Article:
The launch of the Wildenstein Plattner Institute (WPI) suggests that despite work by other foundations, there's still a void in the art scholarship space. Rolled out in early November, the institute is dedicated to "advancing art historical scholarship and fostering the accessibility, cataloguing, and digitization of primary sources."
Needless to say, some prominent, deep-pocketed individuals—Guy Wildenstein and Hasso Plattner—are behind this new foundation.
The Wildenstein family's involvement in the art world dates back to the end of the 19th century when Nathan Wildenstein founded the Paris-based Wildenstein Institute library. Under the leadership of Nathan's successor, his son Georges Wildenstein, the library turned into a research library.
Georges then handed the reigns over to his son Daniel Wildenstein, who fled France to the US following the German occupation during World War II. Daniel's son Guy was born in New York City in 1945.
After his father's death in 2001, Guy assumed managing control of the family art business, leaving his brother Alec to concentrate on the family's other interests, namely horse racing and breeding operations. Alec died in 2008 leaving Guy in charge of both businesses. His current title is president of Wildenstein & Company.
Add it all up and according the UK's Times, the size of his share of the family fortune and trusts is in the $5 billion to $10 billion range.
Hasso Plattner, meanwhile, is a German businessman and co-founder of SAP SE software company. As of November 2016, Forbes reported that he had a net worth of $10.8 billion. An international benefactor of arts and education, he signed the Giving Pledge in February 2013.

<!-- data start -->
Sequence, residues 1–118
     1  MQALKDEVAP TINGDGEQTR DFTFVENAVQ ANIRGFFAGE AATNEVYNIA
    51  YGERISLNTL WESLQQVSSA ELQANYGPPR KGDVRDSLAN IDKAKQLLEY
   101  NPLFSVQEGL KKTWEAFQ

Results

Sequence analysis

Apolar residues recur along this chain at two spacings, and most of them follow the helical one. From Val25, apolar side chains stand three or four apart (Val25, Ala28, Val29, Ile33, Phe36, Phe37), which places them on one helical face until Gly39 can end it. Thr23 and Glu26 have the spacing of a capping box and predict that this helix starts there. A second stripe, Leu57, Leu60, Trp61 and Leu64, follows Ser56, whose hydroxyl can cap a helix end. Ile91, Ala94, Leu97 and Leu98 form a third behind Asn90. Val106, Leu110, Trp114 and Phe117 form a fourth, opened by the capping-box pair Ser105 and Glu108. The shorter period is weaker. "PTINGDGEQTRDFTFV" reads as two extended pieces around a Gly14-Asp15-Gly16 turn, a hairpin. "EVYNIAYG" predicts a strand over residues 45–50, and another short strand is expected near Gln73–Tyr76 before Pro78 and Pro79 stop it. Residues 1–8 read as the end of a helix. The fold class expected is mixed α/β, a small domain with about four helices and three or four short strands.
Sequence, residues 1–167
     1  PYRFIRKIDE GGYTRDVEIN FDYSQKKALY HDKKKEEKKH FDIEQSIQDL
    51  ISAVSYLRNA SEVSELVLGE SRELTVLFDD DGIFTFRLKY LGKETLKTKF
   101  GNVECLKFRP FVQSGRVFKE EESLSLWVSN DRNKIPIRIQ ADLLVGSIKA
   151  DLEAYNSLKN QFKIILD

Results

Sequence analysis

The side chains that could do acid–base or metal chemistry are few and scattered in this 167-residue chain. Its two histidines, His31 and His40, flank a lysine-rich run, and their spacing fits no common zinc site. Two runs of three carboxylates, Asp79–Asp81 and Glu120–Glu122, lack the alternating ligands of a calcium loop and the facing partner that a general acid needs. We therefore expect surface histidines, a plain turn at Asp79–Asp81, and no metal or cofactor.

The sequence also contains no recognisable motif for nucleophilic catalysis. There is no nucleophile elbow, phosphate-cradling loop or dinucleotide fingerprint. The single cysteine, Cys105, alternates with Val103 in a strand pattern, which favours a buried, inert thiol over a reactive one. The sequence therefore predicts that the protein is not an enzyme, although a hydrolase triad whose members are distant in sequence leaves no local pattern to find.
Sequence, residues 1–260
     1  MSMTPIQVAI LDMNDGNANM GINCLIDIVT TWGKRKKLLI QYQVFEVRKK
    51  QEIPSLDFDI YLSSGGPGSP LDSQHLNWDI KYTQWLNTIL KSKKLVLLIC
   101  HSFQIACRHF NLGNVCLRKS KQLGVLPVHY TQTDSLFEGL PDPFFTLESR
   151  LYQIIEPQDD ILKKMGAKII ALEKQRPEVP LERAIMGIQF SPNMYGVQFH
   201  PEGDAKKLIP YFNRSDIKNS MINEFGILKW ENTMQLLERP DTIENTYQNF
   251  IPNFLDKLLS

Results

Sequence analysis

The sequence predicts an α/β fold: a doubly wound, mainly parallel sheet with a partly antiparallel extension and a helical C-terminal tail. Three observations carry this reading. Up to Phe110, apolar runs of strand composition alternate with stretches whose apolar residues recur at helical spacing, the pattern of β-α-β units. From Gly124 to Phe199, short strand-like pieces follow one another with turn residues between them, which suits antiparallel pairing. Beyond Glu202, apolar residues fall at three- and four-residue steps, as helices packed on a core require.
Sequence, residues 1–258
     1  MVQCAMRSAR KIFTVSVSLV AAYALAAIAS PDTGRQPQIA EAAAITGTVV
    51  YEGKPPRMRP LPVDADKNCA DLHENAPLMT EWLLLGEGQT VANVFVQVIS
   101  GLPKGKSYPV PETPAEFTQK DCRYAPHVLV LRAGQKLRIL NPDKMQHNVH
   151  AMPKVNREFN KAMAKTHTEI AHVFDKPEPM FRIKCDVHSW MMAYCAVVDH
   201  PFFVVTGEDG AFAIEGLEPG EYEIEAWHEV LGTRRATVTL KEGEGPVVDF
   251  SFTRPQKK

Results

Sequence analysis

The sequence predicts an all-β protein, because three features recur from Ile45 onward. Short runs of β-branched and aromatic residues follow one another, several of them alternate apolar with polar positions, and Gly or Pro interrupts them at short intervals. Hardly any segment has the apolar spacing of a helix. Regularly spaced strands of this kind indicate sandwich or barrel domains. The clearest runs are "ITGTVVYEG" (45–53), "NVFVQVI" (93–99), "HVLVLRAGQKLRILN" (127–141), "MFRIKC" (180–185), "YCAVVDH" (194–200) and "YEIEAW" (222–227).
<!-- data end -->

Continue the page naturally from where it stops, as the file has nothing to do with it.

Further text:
So what can the global art world expect from the Wildenstein Plattner Institute?
Among the WPI’s first major initiatives will be the launch of its publishing imprint with the publication of the Jasper Johns catalogue raisonné of painting and sculpture. The volume is authored by Dr. Roberta Bernstein, author of Jasper Johns’s Paintings and Sculptures, 1954‐74: The Changing Focus of the Eye, which is regarded as the most comprehensive study of the first 20 years of the artist’s career. Conceived and initiated by Guy Wildenstein himself, the project is being produced in close collaboration with the artist.
The WPI is also developing a long-term strategy and implementation plan to digitize primary source materials and establish a robust digital inventory that will support new research and increase the accessibility of these materials to scholars.
The foundation and its first initiative reminds us of Getty's Online Scholarly Catalogue Initiative (OSCI), an ambitious project started in 2009 that aims to transition museums to the digital age by publishing scholarly collection catalogs online. Getty recently announced its support for the Art Institute of Chicago's "Monet Paintings and Drawings at the Art Institute of Chicago," a scholarly catalog covering 47 paintings and drawings by the famous French Impressionist.